Scientist at UK's largest health trust told female colleague he only hired her 'because of her looks', tribunal hears

Yohannes Lowe
Paul Grist leaving the Health and Care Professions Tribunal Service tribunal - Evening Standard / eyevine

A senior biomedical scientist at the UK's largest health trust “sexually bullied” a female colleague who he said was only hired because of “her looks”, a tribunal has heard.

Paul Grist is accused of making a series of lewd comments to the woman, referred to as Colleague A, while working in the blood transfusions and haematology department of Barts Health Trust in Whitechapel, East London.

Mr Grist, who supervised almost 90 people in the laboratory, allegedly told her she was only hired because she was good-looking and had showed her legs during a job interview in January 2016.

He described Colleague A as a “belly dancer” during a group feedback exercise and referred to her as a “sexy librarian” on another occasion, it is claimed. 

Mr Grist, who now faces misconduct charges, is also accused of telling another female colleague to “wear something short and tight”  for her job interview. 

Giving evidence to the Health and Care Professions Tribunal Service today, Colleague A claimed that he had marked the date of her period on a calendar and pointed it out to her when she was “being grumpy” .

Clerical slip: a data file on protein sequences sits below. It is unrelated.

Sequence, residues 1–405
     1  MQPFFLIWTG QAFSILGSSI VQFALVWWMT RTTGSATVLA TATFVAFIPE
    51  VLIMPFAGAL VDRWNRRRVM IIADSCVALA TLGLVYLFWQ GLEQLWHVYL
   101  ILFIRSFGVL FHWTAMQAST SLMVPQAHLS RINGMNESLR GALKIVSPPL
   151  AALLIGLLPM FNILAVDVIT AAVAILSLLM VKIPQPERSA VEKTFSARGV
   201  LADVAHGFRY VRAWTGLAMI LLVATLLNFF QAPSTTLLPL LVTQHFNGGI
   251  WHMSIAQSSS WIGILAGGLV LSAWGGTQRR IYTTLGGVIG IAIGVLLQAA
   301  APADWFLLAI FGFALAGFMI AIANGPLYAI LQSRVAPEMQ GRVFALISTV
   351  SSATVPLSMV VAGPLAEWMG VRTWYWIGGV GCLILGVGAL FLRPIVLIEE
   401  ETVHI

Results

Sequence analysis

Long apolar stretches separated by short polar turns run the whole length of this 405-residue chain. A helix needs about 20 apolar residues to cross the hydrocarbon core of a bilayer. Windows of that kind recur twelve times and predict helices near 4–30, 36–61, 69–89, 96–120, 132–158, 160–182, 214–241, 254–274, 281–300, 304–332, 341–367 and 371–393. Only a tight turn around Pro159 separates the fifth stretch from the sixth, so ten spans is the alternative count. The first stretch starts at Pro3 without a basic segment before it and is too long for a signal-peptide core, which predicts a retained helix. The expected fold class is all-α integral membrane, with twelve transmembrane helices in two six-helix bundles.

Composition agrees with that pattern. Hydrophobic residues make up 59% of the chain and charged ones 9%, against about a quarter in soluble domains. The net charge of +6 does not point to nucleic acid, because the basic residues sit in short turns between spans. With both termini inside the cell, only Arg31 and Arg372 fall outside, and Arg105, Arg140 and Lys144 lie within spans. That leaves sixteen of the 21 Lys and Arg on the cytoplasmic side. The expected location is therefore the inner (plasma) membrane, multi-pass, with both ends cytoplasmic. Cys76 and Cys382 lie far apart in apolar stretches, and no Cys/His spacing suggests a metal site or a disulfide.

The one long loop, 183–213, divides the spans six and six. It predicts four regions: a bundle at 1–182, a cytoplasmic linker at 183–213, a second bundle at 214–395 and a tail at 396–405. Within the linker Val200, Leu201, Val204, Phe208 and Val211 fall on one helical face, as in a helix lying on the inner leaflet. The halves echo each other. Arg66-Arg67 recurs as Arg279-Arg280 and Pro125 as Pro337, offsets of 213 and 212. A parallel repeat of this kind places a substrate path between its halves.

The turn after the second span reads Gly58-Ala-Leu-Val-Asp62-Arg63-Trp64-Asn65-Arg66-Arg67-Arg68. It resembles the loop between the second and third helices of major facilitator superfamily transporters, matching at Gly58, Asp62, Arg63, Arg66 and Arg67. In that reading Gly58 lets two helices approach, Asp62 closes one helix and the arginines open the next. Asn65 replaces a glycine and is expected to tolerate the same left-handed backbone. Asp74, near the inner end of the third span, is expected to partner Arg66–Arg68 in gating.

Speaking via video link, she told the tribunal: “Other female colleagues told me he had a habit of making women cry.” “He marked my time of the month on his calendar... it was embarrassing,”  she added.

The Royal London and Barts sits behind the historic front block overlooking the Whitechapel Credit: Mike Kemp

Wendy Hewitt, representing Mr Grist, suggested that Colleague A had misconstrued the jokes, pointing to friendly out-of-hours text messages she exchanged with her boss after some of the alleged incidents had occurred.

Mrs Hewitt questioned why she had bought him a birthday present, despite claiming Mr Grist had been “mercilessly sexually bullying” her. “You left him a bottle of wine. Why would you do that?,”  she said.

The woman replied that she had just been “trying to create a positive environment” .

Dr Tom Butler, a consultant in the department, explained how Mr Grist had “adopted an informal style”  of management, which “sometimes worked” but “other times did not”.

Mr Grist, who no longer works for the trust, denies the 17 allegations of making sexually motivated comments.

The tribunal, which is chaired by the Conduct and Competence Committee, will rule if he can still practice as a biomedical scientist. It will come to its decision on Monday.

A spokesperson for Barts Health NHS Trust said: “Mr Grist left the trust in March 2019 after allegations by another member of staff had been thoroughly investigated through our disciplinary procedure.”